Just as local listings and answer boxes have drastically changed the scope of SEO activities, the prominence of influencer-based content within organic rankings has also grown over the past few years.
Conducting a complete SEO campaign and controlling organic listings for your brand’s top search terms now means that forging relationships and distributing content must be a part of your team’s tactics. Just because your website has a good technical foundation and top landing pages are optimized does not mean it’s time to funnel budget elsewhere.
I’ve worked with many attorneys in the past. One particular client pointed to a competitor at the top of the SERPs and said,
“He’s an idiot. How’s he up there?”
I laughed and explained that (particularly in 2005) Google didn’t know that he was an idiot. All Google knows is that his website has good, optimized content that’s highly relevant to the search term.
This impressed upon me that no matter how logical or statistics-driven non-believers may be, they often have an innate desire to beat the competition and hate to see someone out-ranking them that they feel does not “deserve” to be there.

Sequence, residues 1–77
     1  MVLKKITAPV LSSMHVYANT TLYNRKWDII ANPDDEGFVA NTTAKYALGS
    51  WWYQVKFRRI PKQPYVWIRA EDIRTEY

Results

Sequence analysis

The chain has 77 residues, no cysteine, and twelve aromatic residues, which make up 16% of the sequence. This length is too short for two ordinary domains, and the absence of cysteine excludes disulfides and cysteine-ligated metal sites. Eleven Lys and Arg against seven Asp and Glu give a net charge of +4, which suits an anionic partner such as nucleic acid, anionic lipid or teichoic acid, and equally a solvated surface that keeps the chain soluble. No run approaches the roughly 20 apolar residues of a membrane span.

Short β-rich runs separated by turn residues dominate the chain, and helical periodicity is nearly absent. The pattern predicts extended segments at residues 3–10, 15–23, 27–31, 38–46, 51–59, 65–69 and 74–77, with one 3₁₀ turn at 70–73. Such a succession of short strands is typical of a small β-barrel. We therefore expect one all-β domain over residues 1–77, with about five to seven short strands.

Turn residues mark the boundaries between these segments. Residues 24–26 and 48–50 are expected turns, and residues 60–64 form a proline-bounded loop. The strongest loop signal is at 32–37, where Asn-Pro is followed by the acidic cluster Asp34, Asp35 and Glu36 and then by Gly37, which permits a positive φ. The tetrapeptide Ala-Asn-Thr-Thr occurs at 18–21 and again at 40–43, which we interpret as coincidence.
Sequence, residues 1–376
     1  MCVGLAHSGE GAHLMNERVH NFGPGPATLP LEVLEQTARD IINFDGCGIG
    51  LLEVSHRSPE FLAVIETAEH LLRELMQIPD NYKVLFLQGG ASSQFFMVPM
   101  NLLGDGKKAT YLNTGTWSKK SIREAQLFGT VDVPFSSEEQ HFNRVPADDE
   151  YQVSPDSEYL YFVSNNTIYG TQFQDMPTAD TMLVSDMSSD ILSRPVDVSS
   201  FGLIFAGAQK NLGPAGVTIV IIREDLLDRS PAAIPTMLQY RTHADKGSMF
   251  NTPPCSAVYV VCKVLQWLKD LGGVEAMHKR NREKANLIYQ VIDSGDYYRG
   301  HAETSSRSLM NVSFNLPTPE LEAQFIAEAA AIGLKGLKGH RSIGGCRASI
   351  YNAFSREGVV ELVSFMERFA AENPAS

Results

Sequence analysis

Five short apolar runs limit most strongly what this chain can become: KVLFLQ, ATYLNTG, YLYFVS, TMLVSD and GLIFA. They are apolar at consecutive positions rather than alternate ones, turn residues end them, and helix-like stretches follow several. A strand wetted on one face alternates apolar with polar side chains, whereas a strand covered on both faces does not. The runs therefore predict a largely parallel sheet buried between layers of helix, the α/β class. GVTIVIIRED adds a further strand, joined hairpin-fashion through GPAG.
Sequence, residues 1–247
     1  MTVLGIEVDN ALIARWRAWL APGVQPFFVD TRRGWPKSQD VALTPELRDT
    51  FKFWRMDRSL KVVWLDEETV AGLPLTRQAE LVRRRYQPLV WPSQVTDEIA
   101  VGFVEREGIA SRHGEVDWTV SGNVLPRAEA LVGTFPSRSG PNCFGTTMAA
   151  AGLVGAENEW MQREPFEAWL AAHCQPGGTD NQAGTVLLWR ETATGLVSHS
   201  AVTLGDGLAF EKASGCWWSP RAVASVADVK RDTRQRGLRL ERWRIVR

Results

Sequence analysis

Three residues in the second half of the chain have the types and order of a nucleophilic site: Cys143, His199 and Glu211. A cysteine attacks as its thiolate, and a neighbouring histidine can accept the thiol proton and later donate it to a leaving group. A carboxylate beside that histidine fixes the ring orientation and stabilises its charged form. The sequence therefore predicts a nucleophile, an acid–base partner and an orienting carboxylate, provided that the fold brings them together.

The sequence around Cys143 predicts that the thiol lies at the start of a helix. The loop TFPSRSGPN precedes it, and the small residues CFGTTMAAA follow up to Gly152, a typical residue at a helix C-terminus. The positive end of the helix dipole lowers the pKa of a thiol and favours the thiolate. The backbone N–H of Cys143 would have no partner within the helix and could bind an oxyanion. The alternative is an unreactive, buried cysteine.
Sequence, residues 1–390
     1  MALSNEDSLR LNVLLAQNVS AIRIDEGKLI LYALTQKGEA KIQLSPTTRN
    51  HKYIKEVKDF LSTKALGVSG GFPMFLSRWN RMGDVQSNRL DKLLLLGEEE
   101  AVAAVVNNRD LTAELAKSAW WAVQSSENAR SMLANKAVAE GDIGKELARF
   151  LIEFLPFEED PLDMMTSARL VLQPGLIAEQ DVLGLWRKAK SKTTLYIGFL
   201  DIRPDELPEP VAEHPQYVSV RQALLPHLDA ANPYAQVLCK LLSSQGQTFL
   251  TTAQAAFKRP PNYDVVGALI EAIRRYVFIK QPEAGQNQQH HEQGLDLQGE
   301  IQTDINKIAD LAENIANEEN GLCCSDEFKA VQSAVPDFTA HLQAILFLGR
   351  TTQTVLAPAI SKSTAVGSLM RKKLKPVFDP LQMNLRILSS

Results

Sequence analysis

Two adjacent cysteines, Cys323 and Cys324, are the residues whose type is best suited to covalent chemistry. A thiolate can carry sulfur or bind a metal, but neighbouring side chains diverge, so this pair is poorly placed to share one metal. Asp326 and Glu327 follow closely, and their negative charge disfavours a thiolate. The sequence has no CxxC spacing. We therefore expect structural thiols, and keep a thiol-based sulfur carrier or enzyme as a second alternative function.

My best piece of advice to those having trouble in getting or keeping SEO budget is to build a list of non-brand keywords and compile a Google organic share of voice report to show which competitors have the most top listings for that group of keywords.
Your non-believer is likely to clearly see that “pretenders to the throne” have more visibility than his/her brand. This play on competitiveness (and to a certain extent, ego) is often a big motivating factor in funding SEO activity.
It’s no secret that revenue generated and numbers showing potential upside are often enough to secure budget for ongoing SEO activity. In some cases, though, you may encounter a decision-maker who doesn’t believe SEO is worthy of investment.
I hope the advice above will give you a few alternative means to approach these non-believers, secure the budget needed and show the value of the organic channel. What advice (or war stories) can you share?
The post Converting SEO Non-Believers: How To Overcome Objections And Get The Budget appeared first on Search Engine Land.